Outlining the evolving institutional architecture of the post-1945 era, Aftermath: The Makers of the Postwar World is a finely researched synthesis that will be useful for historians, diplomats, and international relations scholar, finds Jeff Roquen. Richard Crowder cuts through the highly contentious layers of historiographical debate on the origins of the Cold War and recaptures the context of the monumental policy decisions made on both sides of the Iron Curtain.

Aftermath: The Makers of the Postwar World. Richard Crowder. I.B. Tauris. 2015.

Upon taking the presidential oath of office in March 1933, Franklin Roosevelt inherited an unprecedented financial catastrophe and a destabilized world order. While Josef Stalin consolidated the Bolshevik Revolution over the legacy of Vladimir Lenin in Moscow, the new chancellor of Germany, Adolf Hitler, had already begun to methodically seize control of the state from Berlin.  To combat his own fear and uncertainty, Roosevelt, who served under Woodrow Wilson as Assistant Secretary of the Navy, turned to his former boss for inspiration.

On 28 December, FDR not only praised the League of Nations (of which the United States declined membership) but he also echoed Wilson in declaring “I believe that I express the views of my countrymen when I state that the old policies, the old alliances, the old combinations and balances of power have proved themselves inadequate for the preservation of world peace.”  In Aftermath: The Makers of the Postwar World (2015), Richard Crowder delivers an exceptionally well-written account of how the United States and the United Kingdom attempted to realize Wilson’s dream of establishing an international system based upon international law and collective security.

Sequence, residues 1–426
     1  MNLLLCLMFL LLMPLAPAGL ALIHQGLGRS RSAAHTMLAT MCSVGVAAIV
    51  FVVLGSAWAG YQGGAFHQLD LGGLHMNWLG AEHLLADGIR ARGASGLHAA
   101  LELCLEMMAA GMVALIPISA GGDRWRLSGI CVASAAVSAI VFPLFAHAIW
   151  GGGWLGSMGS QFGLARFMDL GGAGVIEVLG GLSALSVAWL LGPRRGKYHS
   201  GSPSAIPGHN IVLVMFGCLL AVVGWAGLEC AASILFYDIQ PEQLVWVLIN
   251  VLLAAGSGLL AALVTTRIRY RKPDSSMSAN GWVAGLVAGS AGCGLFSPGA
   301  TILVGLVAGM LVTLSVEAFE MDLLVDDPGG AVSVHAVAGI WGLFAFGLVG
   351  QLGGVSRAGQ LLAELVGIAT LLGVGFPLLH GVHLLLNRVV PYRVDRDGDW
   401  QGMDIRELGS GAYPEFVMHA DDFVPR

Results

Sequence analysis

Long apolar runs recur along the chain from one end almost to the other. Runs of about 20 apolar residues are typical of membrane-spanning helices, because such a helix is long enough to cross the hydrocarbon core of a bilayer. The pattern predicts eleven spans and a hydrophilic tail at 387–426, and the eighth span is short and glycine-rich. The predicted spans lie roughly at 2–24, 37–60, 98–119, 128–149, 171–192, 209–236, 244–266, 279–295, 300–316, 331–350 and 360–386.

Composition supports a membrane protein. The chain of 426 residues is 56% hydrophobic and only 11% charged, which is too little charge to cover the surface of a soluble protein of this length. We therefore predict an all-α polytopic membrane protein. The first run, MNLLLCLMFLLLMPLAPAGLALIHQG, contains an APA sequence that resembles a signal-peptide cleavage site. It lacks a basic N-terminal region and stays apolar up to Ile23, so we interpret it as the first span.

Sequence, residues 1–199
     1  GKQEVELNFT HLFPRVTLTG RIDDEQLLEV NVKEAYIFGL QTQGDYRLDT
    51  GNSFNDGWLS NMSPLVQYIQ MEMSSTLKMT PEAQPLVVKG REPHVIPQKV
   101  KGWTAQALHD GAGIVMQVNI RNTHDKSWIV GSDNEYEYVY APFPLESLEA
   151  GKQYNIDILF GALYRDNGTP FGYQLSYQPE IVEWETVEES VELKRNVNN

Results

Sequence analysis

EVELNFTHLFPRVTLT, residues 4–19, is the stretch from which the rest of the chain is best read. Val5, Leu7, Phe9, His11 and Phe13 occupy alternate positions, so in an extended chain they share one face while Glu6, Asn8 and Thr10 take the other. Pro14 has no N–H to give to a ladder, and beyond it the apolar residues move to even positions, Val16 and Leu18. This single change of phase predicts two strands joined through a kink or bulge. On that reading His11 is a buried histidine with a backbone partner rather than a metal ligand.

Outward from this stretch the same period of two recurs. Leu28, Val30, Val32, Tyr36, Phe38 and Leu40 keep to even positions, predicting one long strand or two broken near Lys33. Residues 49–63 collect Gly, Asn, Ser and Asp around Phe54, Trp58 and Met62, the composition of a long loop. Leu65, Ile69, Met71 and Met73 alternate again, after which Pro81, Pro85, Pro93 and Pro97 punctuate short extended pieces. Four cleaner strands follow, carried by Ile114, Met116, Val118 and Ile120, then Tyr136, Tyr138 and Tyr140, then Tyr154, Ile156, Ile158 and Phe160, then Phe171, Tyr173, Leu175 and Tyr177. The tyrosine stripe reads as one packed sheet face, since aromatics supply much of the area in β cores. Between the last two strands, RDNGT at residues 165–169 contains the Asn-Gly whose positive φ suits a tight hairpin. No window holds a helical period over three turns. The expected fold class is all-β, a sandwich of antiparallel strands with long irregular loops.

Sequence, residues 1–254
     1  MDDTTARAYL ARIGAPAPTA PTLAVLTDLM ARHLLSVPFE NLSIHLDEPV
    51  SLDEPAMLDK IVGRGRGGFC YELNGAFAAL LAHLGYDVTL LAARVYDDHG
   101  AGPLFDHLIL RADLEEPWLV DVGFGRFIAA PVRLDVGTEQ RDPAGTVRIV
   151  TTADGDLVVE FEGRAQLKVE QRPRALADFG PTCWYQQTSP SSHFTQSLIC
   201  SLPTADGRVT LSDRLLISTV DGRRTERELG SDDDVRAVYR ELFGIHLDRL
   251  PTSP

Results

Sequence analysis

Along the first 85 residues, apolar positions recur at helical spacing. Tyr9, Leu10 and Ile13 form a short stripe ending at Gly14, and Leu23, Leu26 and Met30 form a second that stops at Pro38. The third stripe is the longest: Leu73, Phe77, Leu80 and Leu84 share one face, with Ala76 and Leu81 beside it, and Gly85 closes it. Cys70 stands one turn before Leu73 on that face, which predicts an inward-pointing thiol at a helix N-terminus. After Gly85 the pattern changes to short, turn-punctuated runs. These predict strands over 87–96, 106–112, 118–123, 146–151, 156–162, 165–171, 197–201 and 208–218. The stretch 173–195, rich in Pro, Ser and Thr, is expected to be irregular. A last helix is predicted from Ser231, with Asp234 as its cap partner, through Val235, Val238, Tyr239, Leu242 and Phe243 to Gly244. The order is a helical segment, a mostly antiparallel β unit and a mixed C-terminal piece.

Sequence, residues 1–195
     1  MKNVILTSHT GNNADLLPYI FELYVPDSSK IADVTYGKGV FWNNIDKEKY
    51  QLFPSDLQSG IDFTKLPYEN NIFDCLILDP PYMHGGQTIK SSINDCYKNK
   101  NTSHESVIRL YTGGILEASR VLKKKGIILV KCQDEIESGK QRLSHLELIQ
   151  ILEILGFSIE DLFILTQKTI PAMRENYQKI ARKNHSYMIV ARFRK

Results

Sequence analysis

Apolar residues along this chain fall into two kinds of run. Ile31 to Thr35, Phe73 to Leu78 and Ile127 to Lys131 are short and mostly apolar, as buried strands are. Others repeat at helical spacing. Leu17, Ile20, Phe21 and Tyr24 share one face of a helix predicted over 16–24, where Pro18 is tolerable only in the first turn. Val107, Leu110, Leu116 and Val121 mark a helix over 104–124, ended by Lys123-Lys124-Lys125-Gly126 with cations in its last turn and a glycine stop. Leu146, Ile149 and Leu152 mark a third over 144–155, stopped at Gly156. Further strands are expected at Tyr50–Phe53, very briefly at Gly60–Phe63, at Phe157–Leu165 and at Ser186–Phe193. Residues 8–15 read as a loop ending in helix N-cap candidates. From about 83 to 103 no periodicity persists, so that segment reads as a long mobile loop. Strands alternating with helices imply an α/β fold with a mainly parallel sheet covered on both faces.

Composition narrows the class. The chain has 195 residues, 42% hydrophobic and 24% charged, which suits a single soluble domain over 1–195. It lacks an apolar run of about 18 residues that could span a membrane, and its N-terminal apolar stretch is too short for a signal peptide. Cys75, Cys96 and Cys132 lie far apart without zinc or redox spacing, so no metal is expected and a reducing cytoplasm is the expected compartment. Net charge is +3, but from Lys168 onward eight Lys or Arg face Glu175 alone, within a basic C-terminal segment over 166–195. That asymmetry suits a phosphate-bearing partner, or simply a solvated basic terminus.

According to the author, the struggle to create a sustainable new framework to meet the demands of an increasingly globalized economy and resolve transnational disputes required a delicate balance between internationalism and sovereignty. As such, Crowder generously outlines the evolving institutional architecture of the post-1945 era from its origins inside the worldwide effort to vanquish Nazi Germany, fascist Italy, and the Empire of Japan over several engaging opening chapters.

Only seven months after Roosevelt famously rearticulated the American commitment to human rights within “Four Freedoms” – the freedom of speech and worship and the freedom from want and fear in his 6 January 1941 State of the Union address, the President and British Prime Minister Winston Churchill held talks in Placentia Bay off the coast of Newfoundland, drafted the Atlantic Charter, and reaffirmed the Wilsonian principles of freedom of the seas and national self-determination.  Would Stalin willingly join the tide of internationalism?  When Cordell Hull, a historically underappreciated U.S. Secretary of State, persuaded his Soviet counterparts to back and participate in a successor organization to the League of Nations two years later, the Moscow Declaration raised hopes in America and around the world for a future defined by cooperation.

UN flag day pactRepresentatives of 26 United Nations at Flag day ceremonies in the White House to reaffirm their pact. Seated, left to right: Dr. Francisco Castillo Najera, Ambassador of Mexico; President Roosevelt; Manuel Quezon, President of the Philippine Islands; and Secretary of State Cordell Hull (July 1942). Public Domain.